Why Don’t America’s Credit Unions Do More New Car Leasing?June 10, 2018
Credit unions have become a powerhouse when it comes to financing new and used car loans. Taken together, credit unions were the #1 source of auto loans in 2017.
Credit unions have achieved this competitive milestone for one big reason. Because credit unions are not-for-profit financial cooperatives, run for the primary benefit of their members, they do not need to generate big profits on their loans.
Compare this to banks and other commercial lenders, which are for-profit organizations that must generate a return for their shareholders. The result is higher interest rates for their loan customers, usually higher than what you will find from a credit union.
Credit Unions Have Stayed Away From Leasing
In comparison to their record of great success in auto loans, credit unions are nowhere to be found when it comes to providing leasing services to consumers. Less than five percent of America’s 5,500 credit unions are involved in leasing vehicles, according to a recent article in Automotive News. This is as nearly one out of three new vehicles is leased today. How can this be?
Credit Unions Faces Some Difficult Issues With Leasing
Most credit unions are locally-based entities. They may have a single location, or just a few local branches. Compared to a bank or a manufacturer’s leasing arm with a nationwide reach, they simply don’t have the scale. This translates into insufficient leasing volume to make it worthwhile. Other obstacles to greater credit union leasing include:
- Manufacturers usually subvent, or discount their leases to move more vehicles. Carmakers control everything from building the car, to leasing it, to taking it back at the end of the lease. This is not possible for a credit union, which did not manufacture the vehicle.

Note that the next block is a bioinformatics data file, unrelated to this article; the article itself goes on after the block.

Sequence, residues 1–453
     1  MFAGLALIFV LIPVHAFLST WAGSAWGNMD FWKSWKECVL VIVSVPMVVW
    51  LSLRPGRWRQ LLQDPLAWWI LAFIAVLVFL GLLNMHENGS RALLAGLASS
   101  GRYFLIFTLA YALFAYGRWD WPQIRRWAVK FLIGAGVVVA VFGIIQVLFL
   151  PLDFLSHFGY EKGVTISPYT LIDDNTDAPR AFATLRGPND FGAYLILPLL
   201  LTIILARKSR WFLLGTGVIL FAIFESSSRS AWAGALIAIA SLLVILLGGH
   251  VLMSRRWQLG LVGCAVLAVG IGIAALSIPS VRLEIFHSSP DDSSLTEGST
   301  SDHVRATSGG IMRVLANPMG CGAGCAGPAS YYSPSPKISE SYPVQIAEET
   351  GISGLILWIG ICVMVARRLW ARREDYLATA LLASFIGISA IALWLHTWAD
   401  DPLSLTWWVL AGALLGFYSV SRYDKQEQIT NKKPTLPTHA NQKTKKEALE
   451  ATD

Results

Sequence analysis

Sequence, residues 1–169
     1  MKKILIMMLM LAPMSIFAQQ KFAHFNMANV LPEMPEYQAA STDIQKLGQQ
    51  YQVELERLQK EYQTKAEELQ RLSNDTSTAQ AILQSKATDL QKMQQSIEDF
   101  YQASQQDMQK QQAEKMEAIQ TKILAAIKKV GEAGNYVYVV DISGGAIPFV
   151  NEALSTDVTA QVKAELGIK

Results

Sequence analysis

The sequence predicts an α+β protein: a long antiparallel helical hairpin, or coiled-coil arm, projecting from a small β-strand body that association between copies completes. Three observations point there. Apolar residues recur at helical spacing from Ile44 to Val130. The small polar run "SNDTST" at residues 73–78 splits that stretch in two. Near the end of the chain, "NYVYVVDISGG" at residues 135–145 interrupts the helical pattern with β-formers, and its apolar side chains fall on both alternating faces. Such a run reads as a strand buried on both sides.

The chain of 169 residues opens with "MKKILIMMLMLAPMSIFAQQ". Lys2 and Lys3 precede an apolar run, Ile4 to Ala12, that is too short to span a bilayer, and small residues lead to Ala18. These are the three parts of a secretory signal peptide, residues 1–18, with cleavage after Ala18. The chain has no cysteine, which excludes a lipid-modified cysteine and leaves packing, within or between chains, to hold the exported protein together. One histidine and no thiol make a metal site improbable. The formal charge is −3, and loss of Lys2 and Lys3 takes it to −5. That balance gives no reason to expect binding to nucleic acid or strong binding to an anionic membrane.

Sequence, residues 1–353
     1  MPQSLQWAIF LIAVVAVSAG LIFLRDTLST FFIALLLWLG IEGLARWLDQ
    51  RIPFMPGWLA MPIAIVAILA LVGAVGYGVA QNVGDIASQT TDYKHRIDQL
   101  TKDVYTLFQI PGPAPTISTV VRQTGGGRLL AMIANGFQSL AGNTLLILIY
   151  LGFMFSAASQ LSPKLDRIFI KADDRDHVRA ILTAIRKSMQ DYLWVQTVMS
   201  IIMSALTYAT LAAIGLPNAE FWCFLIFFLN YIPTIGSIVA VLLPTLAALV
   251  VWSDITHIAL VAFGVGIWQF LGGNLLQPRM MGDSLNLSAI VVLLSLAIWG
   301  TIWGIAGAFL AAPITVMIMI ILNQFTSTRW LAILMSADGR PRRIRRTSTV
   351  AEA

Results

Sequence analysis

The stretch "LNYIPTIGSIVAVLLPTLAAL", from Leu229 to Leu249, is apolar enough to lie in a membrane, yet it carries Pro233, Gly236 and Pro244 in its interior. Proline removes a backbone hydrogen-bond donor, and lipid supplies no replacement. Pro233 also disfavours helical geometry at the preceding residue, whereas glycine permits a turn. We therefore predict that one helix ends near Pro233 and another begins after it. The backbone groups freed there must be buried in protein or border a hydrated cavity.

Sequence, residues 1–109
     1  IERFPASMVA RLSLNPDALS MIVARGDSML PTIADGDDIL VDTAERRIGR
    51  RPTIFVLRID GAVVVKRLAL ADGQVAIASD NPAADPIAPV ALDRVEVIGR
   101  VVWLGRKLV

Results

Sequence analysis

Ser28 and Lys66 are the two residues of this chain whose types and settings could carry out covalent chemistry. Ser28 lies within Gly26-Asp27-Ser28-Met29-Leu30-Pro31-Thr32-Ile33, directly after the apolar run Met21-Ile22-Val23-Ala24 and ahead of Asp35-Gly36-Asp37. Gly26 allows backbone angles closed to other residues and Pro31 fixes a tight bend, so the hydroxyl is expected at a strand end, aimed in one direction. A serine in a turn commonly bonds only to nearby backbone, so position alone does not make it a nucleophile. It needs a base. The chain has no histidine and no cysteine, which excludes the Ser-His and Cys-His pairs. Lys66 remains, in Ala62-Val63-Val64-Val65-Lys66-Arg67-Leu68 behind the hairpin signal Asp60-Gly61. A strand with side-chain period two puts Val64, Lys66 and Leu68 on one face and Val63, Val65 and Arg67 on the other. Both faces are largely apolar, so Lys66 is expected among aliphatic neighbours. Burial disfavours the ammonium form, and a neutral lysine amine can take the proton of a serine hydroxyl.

- Credit unions located in the wide-open spaces of places like Wyoming and Texas find leasing impractical, due to the mileage limits built into leases. Drivers in places like these routinely drive many more miles than most leases allow. This makes leasing more expensive and less desirable.
- Credit unions are traditionally very strong in financing used cars. Leasing used cars is difficult, because residual values are much lower on older vehicles. This makes affordable monthly payments high on leased used vehicles. The math just doesn’t work.
- A large proportion of new vehicle leasing is done with luxury brands, which most credit unions are unfamiliar with.
- Two or three decades ago, during the bad old days of vehicle leasing, it was very difficult to estimate residual values precisely. Many lenders took a bath when the leased cars came back and did not sell for anything near what they had planned on getting for them. This put many credit unions off of leasing.
There Are Many Leasing Benefits For Credit Unions
Credit unions that enter the leasing marketplace will find some appealing advantages from being involved:
- Leasing customers have higher credit scores – 740 on average
- Leasing is a great way for credit unions to do more new vehicle lending
- Leases generate higher returns to credit unions, compared to the average vehicle loan
- Leases have lower default rates
- Better analytics provide accurate residual values for returned leased vehicles
Leasing Can Prepare Credit Unions For The Future
Experts in the field believe that solid future benefits will accrue to credit unions that familiarize themselves with leasing now. New car leasing will continue to increase as vehicle prices and interest rates both rise, reducing the affordability of purchasing. And if credit unions can crack the code on how to successfully and affordably lease used vehicles, they will open an entire new market to consumers.
Then there’s the outlook for the future of leasing. The near future will see new opportunities for the leasing of electric, ride-sharing, and autonomous vehicles. Much of this activity will likely happen on a local level, opening this business up to credit unions. So it makes sense for credit unions to get on the new car leasing bandwagon now.